Among those who testified on Mitchell’s behalf were Eddie Rickenbacker, Hap Arnold, Carl Spaatz, Robert Olds, and Fiorello La Guardia.  The public largely supported Mitchell.  The court deliberated for three hours on December 17, 1925, and found Mitchell guilty on the charge and all specifications.  They found that the validity of his statements was irrelevant, only that he had made the statements.  Mitchell was suspended from rank, command, and duty, and took away his pay for five years.  President Calvin Coolidge approved the conviction on January 25, but he reduced his punishment to taking half his pay.  Mitchell then resigned from the Army on February 1.

1997 32¢ US Department of the Air Force stamp
US #3167 – Mitchell eventually became known as the Father of the US Air Force.

Mitchell continued to speak out about the importance of air power until his death in 1936.  When the Air Force became independent from the Army in 1947, it was proclaimed, “The Day Billy Mitchell Dreamed Of.”  In 1955, Gary Cooper portrayed Mitchell in the film, The Court-Martial of Billy Mitchell.   Then in 1956, Mitchell’s son petitioned the Air Force to overturn the court-martial, which they did in 1957.  The board stated, “The conclusion is inescapable in the board’s opinion that Mitchell was tried for his views rather than a violation of Article 96.”

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8 responses to "The Court-Martial of Billy Mitchell"

8 thoughts on “The Court-Martial of Billy Mitchell”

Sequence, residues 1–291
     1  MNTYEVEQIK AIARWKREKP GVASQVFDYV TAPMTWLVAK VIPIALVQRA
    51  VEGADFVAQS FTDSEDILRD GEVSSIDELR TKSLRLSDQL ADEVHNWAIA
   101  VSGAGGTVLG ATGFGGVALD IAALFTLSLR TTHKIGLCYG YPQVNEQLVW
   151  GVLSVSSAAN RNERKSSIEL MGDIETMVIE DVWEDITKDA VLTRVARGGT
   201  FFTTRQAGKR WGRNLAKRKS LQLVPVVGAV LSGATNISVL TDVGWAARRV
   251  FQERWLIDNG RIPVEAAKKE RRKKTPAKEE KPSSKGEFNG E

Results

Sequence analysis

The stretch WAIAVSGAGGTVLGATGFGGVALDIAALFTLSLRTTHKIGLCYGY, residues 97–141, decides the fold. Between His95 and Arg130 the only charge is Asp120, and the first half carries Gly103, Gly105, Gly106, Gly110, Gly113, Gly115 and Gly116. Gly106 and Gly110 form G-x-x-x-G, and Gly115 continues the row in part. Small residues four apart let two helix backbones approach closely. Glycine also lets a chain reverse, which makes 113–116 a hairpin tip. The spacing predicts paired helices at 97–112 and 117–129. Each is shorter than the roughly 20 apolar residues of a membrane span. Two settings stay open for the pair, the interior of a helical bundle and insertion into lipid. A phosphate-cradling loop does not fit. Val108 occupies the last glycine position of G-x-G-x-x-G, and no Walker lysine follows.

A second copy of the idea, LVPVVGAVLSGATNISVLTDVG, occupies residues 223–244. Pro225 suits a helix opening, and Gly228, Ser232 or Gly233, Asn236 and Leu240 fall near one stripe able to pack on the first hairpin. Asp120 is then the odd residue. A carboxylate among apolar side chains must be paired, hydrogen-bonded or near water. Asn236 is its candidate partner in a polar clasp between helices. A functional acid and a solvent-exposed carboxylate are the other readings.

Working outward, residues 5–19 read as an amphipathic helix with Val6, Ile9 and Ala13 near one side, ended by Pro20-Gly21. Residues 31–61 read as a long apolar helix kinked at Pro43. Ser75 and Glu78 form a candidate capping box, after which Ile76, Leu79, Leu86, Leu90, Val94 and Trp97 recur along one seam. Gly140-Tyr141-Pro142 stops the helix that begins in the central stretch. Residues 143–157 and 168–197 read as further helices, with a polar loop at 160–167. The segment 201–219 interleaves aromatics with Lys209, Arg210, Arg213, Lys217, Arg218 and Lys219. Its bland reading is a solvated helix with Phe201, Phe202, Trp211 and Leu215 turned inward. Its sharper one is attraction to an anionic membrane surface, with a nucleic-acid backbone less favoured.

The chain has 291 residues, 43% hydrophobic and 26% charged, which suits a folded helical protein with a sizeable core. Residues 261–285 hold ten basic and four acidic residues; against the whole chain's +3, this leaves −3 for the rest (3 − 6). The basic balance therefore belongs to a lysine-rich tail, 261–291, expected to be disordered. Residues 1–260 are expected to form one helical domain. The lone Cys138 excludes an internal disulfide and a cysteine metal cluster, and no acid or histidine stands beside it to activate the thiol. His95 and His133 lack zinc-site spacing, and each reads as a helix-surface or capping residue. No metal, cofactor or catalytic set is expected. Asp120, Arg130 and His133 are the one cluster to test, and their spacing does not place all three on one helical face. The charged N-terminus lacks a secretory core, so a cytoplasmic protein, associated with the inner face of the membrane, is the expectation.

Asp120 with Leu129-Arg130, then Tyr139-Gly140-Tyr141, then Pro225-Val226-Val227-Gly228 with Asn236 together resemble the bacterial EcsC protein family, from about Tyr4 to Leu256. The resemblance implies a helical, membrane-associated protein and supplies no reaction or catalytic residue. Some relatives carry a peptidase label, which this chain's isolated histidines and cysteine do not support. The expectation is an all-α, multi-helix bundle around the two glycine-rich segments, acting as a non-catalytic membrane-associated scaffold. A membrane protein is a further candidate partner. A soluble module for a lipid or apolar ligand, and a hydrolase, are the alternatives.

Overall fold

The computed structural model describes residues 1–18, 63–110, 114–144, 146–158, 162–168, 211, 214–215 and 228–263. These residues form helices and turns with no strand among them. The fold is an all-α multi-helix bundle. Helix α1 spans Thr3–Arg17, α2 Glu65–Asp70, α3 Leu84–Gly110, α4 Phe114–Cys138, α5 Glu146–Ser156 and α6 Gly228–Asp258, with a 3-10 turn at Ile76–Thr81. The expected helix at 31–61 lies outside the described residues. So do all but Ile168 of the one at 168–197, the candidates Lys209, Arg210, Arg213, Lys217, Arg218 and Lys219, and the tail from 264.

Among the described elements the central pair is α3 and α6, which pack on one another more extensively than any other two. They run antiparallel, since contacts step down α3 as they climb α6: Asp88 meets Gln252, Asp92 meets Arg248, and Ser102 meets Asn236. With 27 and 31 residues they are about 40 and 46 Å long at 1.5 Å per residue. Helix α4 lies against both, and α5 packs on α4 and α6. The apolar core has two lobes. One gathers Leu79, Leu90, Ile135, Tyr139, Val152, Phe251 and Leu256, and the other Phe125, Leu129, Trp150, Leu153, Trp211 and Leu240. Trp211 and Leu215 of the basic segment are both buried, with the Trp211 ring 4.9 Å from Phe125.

• Absolutely! I wish he would have lived to witness his vindication. I hope todays military isn’t as short sighted as they were back then. Afghanistan is an example of such short sight. Biden and his political Generals are to blame.

      Reply
      • Oh sure, Frencis, blame Biden. Did he send troops to Afghanistan? Did he keep them there for 20 years? Trump set a deadline of May 31 to withdraw all American troops, and Biden extended the deadline to September 30. It is much easier to start a war than it is to end one. This was an American war and an American tragedy, not Biden’s.

        Reply
  1. Thank you for the excellent article about Billy Mitchell. Although it was too late for Billy to appreciate, it’s gratifying the record was eventually set straight in later years. Regarding Afghanistan… when it’s your choice to end an unending war honorably or dishonorably, the president should always choose the honorable way. Sad to say, that definitely was not the case with the untimely surrender to the enemy in Afghanistan.

    Reply
  2. The Army & Navy wanted ALL the defense $$$. They knew airplanes were the future, My Father flew a Mitchell B-25 in WWII. Thank God the War Department/Pentagon came to their senses or we might be speaking German.

    Reply
  3. Thank you all for your comments. The sinking of the two massive Japanese Battleships: Yamato and Musashi, was the blow which should that airpower would be the key in future military engagements. Particularly when the conflicts occur over water. One of my uncles manned the antiaircraft cannon that was located under the B17 Flying Fortresses. He flew under the: 452 Bomb Group 8th Army Air Corp., during WWII